[swift-evolution] Proposal: Introduce User-defined "Dynamic Member Lookup" Types

Douglas Gregor dgregor at apple.com
Thu Nov 30 02:24:23 CST 2017

> On Nov 26, 2017, at 10:04 PM, Chris Lattner via swift-evolution <swift-evolution at swift.org> wrote:
> I’d like to formally propose the inclusion of user-defined dynamic member lookup types.
> Here is my latest draft of the proposal:
> https://gist.github.com/lattner/b016e1cf86c43732c8d82f90e5ae5438
> https://github.com/apple/swift-evolution/pull/768
> An implementation of this design is available here:
> https://github.com/apple/swift/pull/13076
> The implementation is straight-forward and (IMO) non-invasive in the compiler.

I think better interoperability with Python (and other OO languages in widespread use) is a good goal, and I agree that the implementation of the feature described is straight-forward and not terribly invasive in the compiler.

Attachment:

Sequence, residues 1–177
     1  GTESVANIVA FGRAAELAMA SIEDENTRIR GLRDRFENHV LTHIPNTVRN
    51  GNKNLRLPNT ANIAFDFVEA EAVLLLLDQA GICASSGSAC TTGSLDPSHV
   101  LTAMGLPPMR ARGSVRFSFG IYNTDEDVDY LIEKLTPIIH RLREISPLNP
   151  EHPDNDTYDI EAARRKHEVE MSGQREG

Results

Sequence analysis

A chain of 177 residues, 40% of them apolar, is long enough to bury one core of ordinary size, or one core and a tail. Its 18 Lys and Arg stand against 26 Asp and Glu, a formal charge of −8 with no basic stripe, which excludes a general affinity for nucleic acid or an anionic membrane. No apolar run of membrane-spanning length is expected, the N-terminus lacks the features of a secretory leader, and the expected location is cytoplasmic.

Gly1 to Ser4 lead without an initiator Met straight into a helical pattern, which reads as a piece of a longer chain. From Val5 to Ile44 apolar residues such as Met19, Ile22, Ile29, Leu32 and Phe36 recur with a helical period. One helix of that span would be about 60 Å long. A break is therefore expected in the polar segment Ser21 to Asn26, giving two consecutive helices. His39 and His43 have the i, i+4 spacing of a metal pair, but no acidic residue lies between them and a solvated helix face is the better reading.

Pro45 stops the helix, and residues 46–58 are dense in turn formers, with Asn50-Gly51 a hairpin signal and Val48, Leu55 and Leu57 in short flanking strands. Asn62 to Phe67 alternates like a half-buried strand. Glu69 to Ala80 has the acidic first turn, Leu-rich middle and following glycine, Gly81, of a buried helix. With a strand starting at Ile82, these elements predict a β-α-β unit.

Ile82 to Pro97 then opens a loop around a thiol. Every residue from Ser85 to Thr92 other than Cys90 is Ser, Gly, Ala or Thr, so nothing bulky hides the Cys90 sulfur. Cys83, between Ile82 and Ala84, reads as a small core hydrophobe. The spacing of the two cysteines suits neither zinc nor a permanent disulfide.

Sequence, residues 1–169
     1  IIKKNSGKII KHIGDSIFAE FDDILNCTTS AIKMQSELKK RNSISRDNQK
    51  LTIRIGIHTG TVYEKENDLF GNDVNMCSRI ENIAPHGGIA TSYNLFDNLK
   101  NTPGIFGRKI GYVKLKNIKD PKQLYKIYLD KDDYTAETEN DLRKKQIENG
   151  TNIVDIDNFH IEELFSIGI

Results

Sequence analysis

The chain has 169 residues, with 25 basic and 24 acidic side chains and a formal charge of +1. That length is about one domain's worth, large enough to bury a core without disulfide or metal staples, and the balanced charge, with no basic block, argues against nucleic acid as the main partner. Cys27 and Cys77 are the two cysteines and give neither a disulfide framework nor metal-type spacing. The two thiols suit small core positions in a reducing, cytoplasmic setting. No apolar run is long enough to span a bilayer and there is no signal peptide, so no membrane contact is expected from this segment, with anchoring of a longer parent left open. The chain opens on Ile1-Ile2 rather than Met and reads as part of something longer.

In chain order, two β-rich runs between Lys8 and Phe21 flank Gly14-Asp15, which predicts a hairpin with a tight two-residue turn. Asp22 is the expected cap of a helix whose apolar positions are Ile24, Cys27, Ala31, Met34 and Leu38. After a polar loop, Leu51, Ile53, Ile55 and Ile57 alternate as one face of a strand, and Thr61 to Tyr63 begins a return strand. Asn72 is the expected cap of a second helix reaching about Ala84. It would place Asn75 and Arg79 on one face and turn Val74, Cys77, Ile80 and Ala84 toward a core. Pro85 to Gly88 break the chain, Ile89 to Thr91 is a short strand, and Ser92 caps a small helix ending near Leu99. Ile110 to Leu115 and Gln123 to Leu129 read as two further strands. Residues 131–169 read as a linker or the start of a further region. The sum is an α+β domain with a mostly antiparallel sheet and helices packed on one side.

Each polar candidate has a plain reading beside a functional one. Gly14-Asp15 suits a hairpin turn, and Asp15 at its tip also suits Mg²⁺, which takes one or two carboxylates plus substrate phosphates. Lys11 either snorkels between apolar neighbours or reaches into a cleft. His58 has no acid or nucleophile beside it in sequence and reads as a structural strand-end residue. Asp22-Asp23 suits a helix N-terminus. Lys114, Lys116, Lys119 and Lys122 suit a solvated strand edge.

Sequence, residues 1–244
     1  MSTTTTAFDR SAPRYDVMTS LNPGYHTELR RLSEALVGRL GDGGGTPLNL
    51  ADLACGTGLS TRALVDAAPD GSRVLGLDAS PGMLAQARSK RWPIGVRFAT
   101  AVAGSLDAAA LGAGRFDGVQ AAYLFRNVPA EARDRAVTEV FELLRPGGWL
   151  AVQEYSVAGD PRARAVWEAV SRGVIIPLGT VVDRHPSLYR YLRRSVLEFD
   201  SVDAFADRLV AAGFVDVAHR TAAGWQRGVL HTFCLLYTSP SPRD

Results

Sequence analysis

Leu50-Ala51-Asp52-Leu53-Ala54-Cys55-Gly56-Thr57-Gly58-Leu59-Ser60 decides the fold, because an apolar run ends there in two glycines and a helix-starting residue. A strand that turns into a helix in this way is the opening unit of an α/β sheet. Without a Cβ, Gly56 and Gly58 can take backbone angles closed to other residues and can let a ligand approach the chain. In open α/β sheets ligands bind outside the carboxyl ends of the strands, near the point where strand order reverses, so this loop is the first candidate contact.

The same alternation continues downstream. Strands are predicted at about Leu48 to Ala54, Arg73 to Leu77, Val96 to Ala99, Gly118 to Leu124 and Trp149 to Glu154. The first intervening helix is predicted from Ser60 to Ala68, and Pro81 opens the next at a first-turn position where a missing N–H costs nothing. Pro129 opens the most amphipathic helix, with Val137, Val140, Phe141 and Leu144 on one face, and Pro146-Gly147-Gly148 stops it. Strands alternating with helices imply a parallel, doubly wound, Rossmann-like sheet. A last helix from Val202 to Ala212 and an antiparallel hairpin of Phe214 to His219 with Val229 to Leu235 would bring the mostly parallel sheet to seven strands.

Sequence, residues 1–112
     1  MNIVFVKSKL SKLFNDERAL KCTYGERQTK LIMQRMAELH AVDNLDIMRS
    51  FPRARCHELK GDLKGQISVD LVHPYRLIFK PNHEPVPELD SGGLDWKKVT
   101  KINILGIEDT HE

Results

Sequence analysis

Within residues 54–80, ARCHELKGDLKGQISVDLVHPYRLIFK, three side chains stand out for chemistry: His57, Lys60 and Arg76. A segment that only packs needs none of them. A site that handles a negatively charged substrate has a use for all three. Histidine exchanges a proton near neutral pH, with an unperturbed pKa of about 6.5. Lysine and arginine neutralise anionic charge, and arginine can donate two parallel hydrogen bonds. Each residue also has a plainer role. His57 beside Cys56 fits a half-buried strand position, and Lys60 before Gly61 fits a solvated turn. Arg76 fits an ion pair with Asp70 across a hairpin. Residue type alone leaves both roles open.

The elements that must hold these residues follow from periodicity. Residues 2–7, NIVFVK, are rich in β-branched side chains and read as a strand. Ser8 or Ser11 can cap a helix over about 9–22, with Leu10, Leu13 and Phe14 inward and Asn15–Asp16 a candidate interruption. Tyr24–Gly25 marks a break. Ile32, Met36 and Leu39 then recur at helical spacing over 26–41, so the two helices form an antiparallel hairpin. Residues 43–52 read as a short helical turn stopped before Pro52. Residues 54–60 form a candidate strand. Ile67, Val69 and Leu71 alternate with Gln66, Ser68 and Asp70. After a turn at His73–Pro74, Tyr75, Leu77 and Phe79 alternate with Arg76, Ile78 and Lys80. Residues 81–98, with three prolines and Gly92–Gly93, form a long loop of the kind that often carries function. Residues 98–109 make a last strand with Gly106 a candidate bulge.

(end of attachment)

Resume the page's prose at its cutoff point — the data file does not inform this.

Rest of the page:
However, I do not think this proposal is going in the right direction for Swift. I have objections on several different grounds.

Swift is, unabashedly, a strong statically-typed language. We don’t allow implicit down casting, we require “as?” so you have to cope with the possibility of failure (or use “as!” and think hard about the “!”). Even the gaping hole that is AnyObject dispatch still requires the existence of an @objc declaration and produces an optional lookup result, so the user must contend with the potential for dynamic failure. Whenever we discuss adding more dynamic features to Swift, there’s a strong focus on maintaining that strong static type system.